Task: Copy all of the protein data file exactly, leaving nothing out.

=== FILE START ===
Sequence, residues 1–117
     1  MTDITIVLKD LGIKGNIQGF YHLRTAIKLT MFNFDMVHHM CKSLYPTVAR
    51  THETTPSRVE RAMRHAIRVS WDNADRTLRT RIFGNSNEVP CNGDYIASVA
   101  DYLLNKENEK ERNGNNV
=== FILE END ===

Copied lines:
Sequence, residues 1–117
     1  MTDITIVLKD LGIKGNIQGF YHLRTAIKLT MFNFDMVHHM CKSLYPTVAR
    51  THETTPSRVE RAMRHAIRVS WDNADRTLRT RIFGNSNEVP CNGDYIASVA
   101  DYLLNKENEK ERNGNNV